• Jeremy Punt Old and New Testament Stellenbosch University
Keywords: Human Dignity, Aqedah, Sacrifice, Violence, Power, Gender


The essay provides five different responses to the question about the present state and future of systematic theology. Firstly, it refers to the widespread Trinitarian renaissance in theological circles. Secondly, systematic theology often responds to so-called contemporary challenges, which today, in different parts of the world, are often described in terms of the complex tensions between individual and collectivity, between authority and reason, and between past, present and future. Thirdly, systematic theology often reacts to the so-called spirit of the times, which again can be popularly depicted in terms of secularisms or spiritualities, postmodernisms or fundamentalisms, globalizations or ecological crises. Fourthly, systematic theology takes place in the form of several discussions, including an increasingly worldwide discussion; the discussion with different theological disciplines; the broader conversation within the academy; the discussions within public life; the conversation in and with the church; the many ecumenical conversations; and the ongoing conversation within the discipline itself. Finally, it is directed “towards God” – serving worship, spirituality, formation, pastorate, and ethics.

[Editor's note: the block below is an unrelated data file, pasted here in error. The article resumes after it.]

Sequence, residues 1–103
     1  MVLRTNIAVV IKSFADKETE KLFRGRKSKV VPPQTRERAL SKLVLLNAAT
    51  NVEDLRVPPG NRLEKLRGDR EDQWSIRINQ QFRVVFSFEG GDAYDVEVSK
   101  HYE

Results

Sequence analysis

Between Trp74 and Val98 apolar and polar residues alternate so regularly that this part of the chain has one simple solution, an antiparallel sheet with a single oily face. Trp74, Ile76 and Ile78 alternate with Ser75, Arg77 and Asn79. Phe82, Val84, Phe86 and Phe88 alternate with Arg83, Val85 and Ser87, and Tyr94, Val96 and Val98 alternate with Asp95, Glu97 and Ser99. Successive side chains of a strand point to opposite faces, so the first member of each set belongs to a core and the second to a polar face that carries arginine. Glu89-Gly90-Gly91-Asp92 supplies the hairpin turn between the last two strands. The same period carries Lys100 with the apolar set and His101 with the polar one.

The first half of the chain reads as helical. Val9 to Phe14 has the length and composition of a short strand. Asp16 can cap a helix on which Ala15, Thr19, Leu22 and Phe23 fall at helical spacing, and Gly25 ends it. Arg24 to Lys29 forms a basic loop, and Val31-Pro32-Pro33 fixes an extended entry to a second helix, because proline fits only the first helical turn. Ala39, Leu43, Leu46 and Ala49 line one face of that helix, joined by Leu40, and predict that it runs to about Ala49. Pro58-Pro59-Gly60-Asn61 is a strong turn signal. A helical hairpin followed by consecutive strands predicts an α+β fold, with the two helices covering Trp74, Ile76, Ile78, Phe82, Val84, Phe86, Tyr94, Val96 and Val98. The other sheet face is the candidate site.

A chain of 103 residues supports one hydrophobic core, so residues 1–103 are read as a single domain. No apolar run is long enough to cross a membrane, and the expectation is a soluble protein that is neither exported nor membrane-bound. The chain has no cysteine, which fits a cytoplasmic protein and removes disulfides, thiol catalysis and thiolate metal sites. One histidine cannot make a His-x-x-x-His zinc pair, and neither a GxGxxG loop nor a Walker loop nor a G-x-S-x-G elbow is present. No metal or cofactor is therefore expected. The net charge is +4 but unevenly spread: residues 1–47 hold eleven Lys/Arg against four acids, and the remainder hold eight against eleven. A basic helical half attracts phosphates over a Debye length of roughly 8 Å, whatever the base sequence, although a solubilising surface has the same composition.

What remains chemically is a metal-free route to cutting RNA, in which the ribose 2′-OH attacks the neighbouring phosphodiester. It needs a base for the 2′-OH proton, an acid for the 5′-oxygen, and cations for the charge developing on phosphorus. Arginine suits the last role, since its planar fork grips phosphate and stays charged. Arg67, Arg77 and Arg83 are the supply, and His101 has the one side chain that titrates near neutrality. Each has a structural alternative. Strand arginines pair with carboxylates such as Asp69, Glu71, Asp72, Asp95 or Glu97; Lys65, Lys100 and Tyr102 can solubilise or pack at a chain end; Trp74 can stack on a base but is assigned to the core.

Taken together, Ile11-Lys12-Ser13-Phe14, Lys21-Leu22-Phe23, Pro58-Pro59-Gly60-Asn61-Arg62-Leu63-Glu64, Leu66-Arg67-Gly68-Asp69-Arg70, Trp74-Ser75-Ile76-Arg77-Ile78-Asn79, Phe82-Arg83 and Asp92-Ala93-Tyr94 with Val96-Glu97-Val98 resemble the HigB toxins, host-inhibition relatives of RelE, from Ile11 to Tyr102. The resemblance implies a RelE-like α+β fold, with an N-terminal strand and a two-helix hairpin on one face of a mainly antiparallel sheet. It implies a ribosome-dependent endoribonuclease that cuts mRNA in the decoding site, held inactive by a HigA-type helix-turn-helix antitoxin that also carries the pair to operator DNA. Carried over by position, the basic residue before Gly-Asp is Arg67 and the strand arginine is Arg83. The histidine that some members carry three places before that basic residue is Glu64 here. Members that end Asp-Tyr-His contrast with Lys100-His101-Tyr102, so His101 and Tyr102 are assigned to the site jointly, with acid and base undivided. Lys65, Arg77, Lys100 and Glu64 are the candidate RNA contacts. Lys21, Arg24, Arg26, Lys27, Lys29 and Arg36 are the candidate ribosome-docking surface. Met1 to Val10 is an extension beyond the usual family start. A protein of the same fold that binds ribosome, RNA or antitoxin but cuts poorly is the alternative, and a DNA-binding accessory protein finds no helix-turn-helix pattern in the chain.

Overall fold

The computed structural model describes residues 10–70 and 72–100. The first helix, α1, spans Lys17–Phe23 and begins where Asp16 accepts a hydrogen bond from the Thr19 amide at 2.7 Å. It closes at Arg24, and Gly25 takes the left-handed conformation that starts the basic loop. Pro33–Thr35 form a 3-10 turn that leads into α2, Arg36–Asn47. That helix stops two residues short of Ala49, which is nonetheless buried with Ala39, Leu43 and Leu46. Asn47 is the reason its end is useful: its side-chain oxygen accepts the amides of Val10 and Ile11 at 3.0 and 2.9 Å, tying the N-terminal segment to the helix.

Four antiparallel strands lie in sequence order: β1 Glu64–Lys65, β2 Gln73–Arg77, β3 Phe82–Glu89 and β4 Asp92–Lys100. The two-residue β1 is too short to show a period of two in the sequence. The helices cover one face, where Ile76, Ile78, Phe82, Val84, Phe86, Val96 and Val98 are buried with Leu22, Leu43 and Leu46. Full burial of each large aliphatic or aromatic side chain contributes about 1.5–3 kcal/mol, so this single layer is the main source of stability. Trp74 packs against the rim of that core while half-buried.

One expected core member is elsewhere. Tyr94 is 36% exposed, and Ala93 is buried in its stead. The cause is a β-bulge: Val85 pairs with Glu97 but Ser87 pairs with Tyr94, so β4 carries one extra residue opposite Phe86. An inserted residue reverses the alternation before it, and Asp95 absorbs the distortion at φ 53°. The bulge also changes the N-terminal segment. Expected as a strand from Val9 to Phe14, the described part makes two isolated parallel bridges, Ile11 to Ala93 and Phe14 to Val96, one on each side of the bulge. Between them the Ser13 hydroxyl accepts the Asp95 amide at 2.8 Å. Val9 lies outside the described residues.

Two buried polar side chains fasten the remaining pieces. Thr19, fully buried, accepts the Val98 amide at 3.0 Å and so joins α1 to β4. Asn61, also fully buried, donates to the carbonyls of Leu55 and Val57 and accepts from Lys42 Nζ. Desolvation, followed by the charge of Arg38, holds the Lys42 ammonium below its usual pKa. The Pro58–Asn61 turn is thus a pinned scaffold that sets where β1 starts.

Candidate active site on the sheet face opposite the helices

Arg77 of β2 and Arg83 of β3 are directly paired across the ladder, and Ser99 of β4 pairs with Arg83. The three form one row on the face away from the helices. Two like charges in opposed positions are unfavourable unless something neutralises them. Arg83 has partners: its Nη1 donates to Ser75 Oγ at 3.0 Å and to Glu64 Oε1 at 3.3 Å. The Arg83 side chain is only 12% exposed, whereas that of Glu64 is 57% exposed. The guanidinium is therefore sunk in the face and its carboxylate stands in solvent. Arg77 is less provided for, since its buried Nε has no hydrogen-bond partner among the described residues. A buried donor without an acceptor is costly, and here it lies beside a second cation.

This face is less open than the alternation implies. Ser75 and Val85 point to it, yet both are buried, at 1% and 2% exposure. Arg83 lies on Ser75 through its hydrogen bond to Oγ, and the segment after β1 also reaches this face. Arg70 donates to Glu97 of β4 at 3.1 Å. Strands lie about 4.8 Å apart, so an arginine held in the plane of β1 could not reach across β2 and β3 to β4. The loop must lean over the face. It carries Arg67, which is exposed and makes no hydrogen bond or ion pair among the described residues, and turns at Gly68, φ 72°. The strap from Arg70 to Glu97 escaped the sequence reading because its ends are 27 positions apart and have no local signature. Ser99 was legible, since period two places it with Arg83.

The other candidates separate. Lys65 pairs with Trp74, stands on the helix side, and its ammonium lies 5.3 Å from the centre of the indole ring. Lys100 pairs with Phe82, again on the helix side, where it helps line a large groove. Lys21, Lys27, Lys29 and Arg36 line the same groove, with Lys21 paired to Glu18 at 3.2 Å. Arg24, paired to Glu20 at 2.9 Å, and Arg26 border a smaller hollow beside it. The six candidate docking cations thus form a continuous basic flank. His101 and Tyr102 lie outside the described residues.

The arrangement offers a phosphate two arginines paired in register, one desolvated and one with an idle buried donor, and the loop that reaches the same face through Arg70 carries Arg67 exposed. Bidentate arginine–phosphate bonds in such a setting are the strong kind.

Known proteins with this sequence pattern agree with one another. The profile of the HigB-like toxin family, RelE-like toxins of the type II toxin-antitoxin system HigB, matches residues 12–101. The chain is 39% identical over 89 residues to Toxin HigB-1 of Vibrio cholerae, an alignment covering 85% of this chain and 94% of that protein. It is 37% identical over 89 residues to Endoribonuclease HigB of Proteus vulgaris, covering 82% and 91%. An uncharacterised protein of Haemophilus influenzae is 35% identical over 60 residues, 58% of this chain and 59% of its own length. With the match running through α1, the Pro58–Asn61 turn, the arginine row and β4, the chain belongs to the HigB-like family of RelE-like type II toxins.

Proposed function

'Quo Vadis' Theology